Prohibiting nuclear weapons is a humanitarian imperative
May 22, 2015
An abbreviated version of this letter appeared in The Guardian on 21st May 2015.
To the States Parties of the Nuclear Non-Proliferation Treaty
Amnesty International and the International Campaign to Abolish Nuclear Weapons (ICAN) share the concern of the States Parties to the NPT regarding the “catastrophic humanitarian consequences of any use of nuclear weapons.”
The discussions on the humanitarian impact of nuclear weapons, which started in Oslo, Norway, continued in Nayarit, Mexico and Vienna, Austria, have represented a turning point in the international nuclear weapons debate. The alarming evidence presented by physicians, physicists, climate scientists, human rights organizations, humanitarian agencies, and survivors have been successful in changing the nuclear weapons discourse, and opened space for greater engagement from civil society, international organizations, and states.
Amnesty International and ICAN oppose the use, possession, production and transfer of nuclear weapons, given their indiscriminate nature. We are opposed to the possession of nuclear weapons by any country, including permanent members of the UN Security Council.
Nuclear weapons stand alone in terms of their extreme potential to be indiscriminate. The destructive power of nuclear weapons at the time of detonation is so great as to almost necessarily impact on civilians and soldiers alike. They affect the environment and human health for decades after their initial use, presenting a long-term hazard for civilians. The only time nuclear weapons were used in war (at Hiroshima and Nagasaki) they killed tens of thousands of civilians, and those two bombs were relatively small by today’s standards. For these reasons, their use would invariably violate international humanitarian law and international human rights law.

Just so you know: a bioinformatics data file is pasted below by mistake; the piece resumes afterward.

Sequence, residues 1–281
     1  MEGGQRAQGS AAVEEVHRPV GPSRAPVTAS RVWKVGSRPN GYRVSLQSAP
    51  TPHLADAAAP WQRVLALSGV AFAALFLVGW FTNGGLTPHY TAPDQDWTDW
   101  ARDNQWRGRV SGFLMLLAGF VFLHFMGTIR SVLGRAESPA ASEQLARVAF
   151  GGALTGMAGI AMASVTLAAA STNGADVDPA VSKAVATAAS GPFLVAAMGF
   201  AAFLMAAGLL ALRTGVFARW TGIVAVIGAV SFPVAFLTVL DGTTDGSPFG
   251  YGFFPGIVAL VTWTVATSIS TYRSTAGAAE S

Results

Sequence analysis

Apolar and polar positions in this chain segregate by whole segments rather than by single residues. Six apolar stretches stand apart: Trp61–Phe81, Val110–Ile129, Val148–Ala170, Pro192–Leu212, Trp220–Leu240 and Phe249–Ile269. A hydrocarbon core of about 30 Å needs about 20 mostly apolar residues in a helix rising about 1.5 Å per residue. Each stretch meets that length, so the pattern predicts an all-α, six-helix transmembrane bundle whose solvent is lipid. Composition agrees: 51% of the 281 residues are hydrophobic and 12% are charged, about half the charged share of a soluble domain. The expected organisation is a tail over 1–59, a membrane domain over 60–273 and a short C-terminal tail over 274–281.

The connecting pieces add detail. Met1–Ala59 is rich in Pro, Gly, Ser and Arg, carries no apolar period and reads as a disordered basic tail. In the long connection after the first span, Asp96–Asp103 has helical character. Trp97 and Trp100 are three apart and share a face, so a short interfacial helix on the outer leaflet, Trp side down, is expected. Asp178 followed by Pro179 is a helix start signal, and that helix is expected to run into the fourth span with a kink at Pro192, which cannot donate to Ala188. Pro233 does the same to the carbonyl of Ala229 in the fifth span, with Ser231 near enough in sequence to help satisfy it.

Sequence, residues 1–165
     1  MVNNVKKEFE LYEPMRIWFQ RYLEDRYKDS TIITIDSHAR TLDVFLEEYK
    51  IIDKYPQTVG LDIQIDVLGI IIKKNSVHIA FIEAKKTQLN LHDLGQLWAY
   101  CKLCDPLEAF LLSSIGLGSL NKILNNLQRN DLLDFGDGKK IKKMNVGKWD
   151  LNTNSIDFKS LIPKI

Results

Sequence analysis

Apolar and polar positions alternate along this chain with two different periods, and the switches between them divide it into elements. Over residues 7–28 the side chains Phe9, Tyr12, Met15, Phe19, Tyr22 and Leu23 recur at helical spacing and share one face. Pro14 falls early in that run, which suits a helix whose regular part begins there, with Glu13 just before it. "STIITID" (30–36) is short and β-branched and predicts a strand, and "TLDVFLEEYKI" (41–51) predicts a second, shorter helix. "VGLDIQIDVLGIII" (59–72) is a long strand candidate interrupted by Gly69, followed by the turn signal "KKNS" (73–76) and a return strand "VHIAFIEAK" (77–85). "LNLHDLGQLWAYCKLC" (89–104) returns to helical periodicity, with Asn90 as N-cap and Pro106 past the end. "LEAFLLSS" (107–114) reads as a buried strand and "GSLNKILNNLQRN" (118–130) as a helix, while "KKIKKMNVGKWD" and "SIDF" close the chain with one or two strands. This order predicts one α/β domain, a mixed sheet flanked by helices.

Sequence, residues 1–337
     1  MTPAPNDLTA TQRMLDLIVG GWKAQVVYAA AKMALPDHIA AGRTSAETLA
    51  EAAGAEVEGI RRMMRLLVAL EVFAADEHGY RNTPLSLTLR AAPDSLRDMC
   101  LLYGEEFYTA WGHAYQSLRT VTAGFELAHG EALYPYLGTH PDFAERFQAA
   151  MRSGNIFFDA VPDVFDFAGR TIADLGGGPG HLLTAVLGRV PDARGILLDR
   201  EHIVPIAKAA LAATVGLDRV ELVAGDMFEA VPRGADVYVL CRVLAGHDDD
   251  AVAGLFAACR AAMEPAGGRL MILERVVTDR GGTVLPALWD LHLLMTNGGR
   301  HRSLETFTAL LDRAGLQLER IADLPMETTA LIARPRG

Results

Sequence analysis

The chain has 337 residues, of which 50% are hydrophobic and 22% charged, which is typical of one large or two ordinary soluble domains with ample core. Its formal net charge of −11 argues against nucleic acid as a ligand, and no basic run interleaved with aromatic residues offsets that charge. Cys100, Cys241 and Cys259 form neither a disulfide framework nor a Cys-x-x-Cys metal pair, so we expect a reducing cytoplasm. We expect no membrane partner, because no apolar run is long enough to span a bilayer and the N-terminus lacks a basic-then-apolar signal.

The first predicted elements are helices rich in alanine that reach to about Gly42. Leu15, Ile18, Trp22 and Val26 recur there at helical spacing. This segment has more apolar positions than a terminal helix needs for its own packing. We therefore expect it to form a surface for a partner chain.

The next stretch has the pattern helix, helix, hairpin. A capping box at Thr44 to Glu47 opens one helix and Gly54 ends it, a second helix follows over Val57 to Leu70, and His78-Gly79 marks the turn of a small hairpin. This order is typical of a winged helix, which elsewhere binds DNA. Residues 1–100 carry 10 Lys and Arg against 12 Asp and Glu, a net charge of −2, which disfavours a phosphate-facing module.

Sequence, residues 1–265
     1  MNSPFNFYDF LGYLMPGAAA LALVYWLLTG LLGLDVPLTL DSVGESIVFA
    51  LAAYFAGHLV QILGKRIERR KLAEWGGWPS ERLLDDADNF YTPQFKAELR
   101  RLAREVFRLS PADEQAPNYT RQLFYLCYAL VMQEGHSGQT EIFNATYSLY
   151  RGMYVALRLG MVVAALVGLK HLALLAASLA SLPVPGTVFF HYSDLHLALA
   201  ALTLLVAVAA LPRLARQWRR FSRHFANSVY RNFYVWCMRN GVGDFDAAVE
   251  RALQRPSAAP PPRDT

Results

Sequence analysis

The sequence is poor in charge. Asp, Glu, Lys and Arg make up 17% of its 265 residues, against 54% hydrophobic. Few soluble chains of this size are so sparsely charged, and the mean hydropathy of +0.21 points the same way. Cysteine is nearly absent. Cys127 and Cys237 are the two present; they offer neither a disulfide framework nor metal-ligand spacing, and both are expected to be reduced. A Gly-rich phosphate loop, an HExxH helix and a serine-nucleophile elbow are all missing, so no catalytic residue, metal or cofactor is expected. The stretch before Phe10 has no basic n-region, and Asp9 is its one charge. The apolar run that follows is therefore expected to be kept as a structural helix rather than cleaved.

The three conferences on the humanitarian impact of nuclear weapons and the 2015 Nuclear Non-Proliferation Treaty Review Conference have highlighted that there is a legal gap for the prohibition and elimination of nuclear weapons.
It is clear to us and to a growing number of states that a diplomatic process to prohibit nuclear weapons needs to commence urgently. This diplomatic process should proceed with all interested states, even if the nine countries that already possess nuclear weapons are not yet ready to join. Launching such a process will require strong leadership, and we anticipate non-nuclear weapon states to be well placed to take a leading role in this endeavour.
As the 2015 Review Conference of the Parties to the Treaty on the Non-Proliferation of Nuclear Weapons (NPT) ends tomorrow in New York, we believe states must now agree to initiate a process to create an international prohibition on the use, possession, production and transfer of nuclear weapons, particularly given their inherently indiscriminate nature. While we do not foresee a possibility for the Review Conference to initiate negotiations, given that such a decision would need to be agreed by consensus, we expect a group of likeminded states to launch such a process by the 70th anniversary of the atomic bombings of Hiroshima and Nagasaki in August 2015.
We believe that the overwhelming majority of states would join this process, and that such a prohibition is a humanitarian imperative, not least given their capacity to inflict unspeakable human suffering and destruction. Nuclear weapons also raise serious concerns under international human rights and humanitarian law.
There is an opportunity before us as an international community to prohibit nuclear weapons. Amnesty International and the International Campaign to Abolish Nuclear Weapons look forward to playing a supportive and constructive role in such process.Marek Marczynski Head of Military, Security and Police Amnesty International Beatrice Fihn, Executive Director International Campaign to Abolish Nuclear Weapons (ICAN)